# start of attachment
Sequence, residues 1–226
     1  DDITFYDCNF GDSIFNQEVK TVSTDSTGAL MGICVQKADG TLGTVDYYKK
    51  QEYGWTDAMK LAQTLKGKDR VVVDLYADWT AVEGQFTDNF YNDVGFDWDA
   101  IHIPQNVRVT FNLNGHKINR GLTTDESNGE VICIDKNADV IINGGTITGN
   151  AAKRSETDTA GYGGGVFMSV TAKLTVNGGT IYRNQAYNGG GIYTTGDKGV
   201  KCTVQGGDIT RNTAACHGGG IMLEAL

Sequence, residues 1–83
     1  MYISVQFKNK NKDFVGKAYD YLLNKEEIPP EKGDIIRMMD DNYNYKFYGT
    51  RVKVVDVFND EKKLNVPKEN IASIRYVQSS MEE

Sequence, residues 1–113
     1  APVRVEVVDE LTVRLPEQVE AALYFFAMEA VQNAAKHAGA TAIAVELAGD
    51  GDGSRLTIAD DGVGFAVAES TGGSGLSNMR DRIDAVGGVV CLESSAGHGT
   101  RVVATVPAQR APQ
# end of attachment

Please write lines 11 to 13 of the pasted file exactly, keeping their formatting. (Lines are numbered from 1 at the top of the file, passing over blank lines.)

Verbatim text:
     1  APVRVEVVDE LTVRLPEQVE AALYFFAMEA VQNAAKHAGA TAIAVELAGD
    51  GDGSRLTIAD DGVGFAVAES TGGSGLSNMR DRIDAVGGVV CLESSAGHGT
   101  RVVATVPAQR APQ